The NRC admitted in the webinar that the walls of all 29 Holtec thin-wall canisters already loaded with nuclear waste are damaged due to the defective loading system. And all future Holtec canisters loaded will also be damaged because Holtec cannot fix the problem of a steel Guide Ring that scrapes against the canister walls. The NRC admits this is a problem, but appear to be ready to greenlight restarting the loading, claiming this is not an “urgent” problem. However, they also admit the canisters cannot be inspected for cracks or repaired. They state once a crack starts in these stainless steel pressure vessels, cracks will continue to grow through the walls of the canisters. They “hope” to be able to solve this problem before it’s too late. However, they have no evidence to support this hope. They’ve had over 27 years to find and repair cracks. Even the President of Holtec says it’s not feasible to repair the cracks even if you can find them.

    This Holtec system must be recalled and replaced with thick wall transportable storage casks that don’t crack and can be inspected, maintained, repaired and monitored in a manner to PREVENT radioactive leaks and hydrogen gas explosions, as recommended by the U.S. Nuclear Waste Technical Review Board.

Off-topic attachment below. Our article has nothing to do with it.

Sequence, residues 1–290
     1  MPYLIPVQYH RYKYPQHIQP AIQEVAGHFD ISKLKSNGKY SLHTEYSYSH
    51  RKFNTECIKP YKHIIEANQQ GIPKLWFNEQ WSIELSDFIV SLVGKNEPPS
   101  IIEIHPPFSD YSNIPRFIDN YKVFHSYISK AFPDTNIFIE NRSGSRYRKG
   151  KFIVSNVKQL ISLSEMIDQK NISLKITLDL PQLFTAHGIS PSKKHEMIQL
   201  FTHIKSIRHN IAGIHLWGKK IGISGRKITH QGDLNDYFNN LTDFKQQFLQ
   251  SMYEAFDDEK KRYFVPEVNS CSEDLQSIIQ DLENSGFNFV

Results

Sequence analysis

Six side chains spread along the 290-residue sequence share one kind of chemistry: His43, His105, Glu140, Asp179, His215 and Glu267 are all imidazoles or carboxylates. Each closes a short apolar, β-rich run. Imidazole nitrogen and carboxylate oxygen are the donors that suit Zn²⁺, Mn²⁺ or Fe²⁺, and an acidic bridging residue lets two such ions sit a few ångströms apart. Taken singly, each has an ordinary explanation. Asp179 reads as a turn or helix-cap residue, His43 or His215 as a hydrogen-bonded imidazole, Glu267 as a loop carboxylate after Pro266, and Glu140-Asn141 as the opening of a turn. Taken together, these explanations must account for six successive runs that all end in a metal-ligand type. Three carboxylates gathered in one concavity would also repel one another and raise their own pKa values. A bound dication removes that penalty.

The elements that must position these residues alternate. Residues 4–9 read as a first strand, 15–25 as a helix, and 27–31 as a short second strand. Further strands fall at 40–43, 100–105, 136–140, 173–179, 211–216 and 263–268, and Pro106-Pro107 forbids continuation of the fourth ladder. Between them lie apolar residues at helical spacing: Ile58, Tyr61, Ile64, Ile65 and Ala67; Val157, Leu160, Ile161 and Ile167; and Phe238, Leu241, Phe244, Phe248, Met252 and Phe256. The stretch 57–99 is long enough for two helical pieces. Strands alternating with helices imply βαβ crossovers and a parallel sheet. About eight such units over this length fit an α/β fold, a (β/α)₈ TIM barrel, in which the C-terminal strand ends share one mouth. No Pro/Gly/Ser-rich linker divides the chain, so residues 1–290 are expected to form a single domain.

Each canister costs about $1 million dollars per Edison estimate. This doesn’t include labor or the concrete overpacks required to stop gamma and neutron radiation. Each total unit was estimated to be $4 million by Edison Ratepayers don’t want to pay for damaged goods that cannot even be inspected or repaired. There is $4 billion dollars in the San Onofre ratepayer decommissioning trust fund. Some of this could be used to replace this system before these canisters leak and explode. Each canister contains roughly a Chernobyl nuclear disaster.

    Learn more and what you can do to help stop this crazy plan. Go to

    Details of problems and solutions

    Share handout

  • Eric, where did you get this quote?

    “Both the NRC and a San Diego County analysis conducted by its senior health physicist reported that the incident never created an unsafe situation, despite the procedural deficiencies that led to the incident.”

    The NRC said this was a close call. The approved Holtec technical specifications state if a canister drops over 11 inches (not 11 feet, not 18 feet), the contents of the canister must be inspected for damage.

    Please share a link to the San Diego County analysis so we can see the basis for their assumptions.

  • The referenced San Diego County report. It has no relation to the incident. Please correct. Thank you.

  • The San Diego County report referenced has no relation to the incident. In fact it does not mention it. Please correct.